This mild winter in Minnesota has devastated many people who rely on winter activities for their business. I reached out to several resorts and winter-related businesses to see what impact the weather has had, and it's pretty grim for many.

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Nathan Allred
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Snowmobile rental companies hit hard.

Snowmobiling has been hit the hardest, with very little rideable snow or trails. Warm temperatures and rain have pretty much canceled the season. My friend Jason Barstow, owner of Timber Ghost Tours in Beavery Bay was forced to close the business. With no snow, he hasn't been able to rent snowmobiles. He'll be putting a different business in that building.

Pequaywan Inn and Restaurant last year invested in buying snowmobiles to rent out. They rely a lot on snowmobile traffic in the winter months for business. The restaurant is still open for business and offers great food.

Layoffs happening at resorts and restaurants.

Rachelle Christianson and her husband own Skyport Lodge & Raven Rock Grill.

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Skyport Lodge Facebook
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The weak winter weather has forced them to implement across-the-board labor reductions. She said that they have regrettably had to lay off several essential staff members. Fortunately, they were still able to have some cross-country skiing and snowshoeing weather. Other places haven't been so lucky.

"Worst winter we ever had."

A manager of multiple hotels stretching from Duluth to Grand Marais said it's the worst winter they've ever had. They've had to lay off many employees because the business just isn't there. Rooms are sitting empty.

Tourists don't come without the snow.

I posted the question on a North Shore Facebook group, "How has this winter's crazy warm weather affected resorts and businesses in your area?"

Catharine Bliss mentioned that tourists don't come without snow.

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 Businesses have had to adapt to what they offer.

Sue commented that businesses up on the Gun Flint Trail have had to be creative in what they offer.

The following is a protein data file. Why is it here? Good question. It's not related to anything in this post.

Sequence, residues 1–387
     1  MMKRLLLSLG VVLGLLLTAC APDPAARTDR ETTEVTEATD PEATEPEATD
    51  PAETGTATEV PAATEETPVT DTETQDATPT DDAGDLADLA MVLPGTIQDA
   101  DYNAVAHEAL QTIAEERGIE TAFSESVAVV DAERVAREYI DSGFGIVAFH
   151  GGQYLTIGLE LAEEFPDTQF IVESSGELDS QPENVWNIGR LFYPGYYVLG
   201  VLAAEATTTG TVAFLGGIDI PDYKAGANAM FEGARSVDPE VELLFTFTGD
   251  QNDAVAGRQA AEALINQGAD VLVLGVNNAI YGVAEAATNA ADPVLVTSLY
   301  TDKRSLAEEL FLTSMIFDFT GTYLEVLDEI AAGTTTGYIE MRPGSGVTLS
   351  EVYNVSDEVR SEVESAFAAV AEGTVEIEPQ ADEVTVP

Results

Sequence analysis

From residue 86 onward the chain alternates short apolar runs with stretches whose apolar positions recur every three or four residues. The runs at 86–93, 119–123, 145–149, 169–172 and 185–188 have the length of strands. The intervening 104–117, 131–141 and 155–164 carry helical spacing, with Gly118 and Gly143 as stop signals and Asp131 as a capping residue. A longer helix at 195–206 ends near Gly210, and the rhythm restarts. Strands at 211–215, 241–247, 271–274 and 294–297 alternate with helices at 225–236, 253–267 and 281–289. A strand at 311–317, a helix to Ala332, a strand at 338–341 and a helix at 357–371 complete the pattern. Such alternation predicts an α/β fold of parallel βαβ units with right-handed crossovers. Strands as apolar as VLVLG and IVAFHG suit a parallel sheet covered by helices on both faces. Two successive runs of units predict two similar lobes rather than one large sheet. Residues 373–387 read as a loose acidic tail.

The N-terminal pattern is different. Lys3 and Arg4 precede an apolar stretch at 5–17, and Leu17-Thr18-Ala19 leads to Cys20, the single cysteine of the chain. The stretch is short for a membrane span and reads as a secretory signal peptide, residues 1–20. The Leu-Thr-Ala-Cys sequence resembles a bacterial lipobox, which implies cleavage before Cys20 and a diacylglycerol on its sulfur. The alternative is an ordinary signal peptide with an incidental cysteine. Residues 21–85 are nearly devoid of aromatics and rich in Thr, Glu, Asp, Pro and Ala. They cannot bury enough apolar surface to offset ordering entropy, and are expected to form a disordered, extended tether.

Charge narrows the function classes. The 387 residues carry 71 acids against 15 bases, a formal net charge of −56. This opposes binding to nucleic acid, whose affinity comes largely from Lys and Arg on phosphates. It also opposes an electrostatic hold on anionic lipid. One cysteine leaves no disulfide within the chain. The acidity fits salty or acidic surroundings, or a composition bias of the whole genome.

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Stephanie Shea, co-owner of Borderland Lodge on the Gunflint Trail shared with me how they have had to adapt. It's only their second winter being open (previous owners closed during winter months.) They had to cancel a special dog sled weekend planned for February 10th.

Related: Even The DNR Is Giving Up On This Snowmobile Season

Their lodge is on the Gunflint Lake and it's typically the last to freeze. This Christmas resort just ten miles down the road had ice, while they had open water shore-to-shore.

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Stephanie did share a positive strategy they used. They have a forager coming in to provide education and lead guided foraging hikes. They're calling it a foraging weekend, and it takes the place of President's Day weekend. She says it sold out, and they're working on more weather-independent strategies and partnerships.

They also are teaming up with The Crooked Spoon to come and provide pop-up dinners reminiscent of their previous brick-and-mortar restaurant. They've also opened up their breakfasts on the weekend to the public when it was previously just for guests.

Should the State Of Minnesota help these businesses?

The state of Minnesota has bailed out resorts in the past when they have faced challenges. For example, when the walleye season was canceled on Mille Lacs, the state bailed out businesses. Should there be a fund set up for this so the state can aid? Or is it up to the business owners to plan for weather issues?

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How can you help?

I also asked folks from resorts how people can help. They are still open, there are still incredible views of wildlife and Lake Superior. The food is still great, and it's a wonderful getaway regardless of the weather. Think of your favorite restaurants, resorts, and shops. See if they have online shopping and put in an order. Buy a gift certificate for a friend. Spend money, and help out these businesses hurting across the state.

LOOK: 50 cozy towns to visit this winter

Stacker created a list of 50 cozy American towns to visit each winter. Towns were selected based on visitor opinions, ratings from nationwide publications, and tourist attractions.

Gallery Credit: Laura Ratliff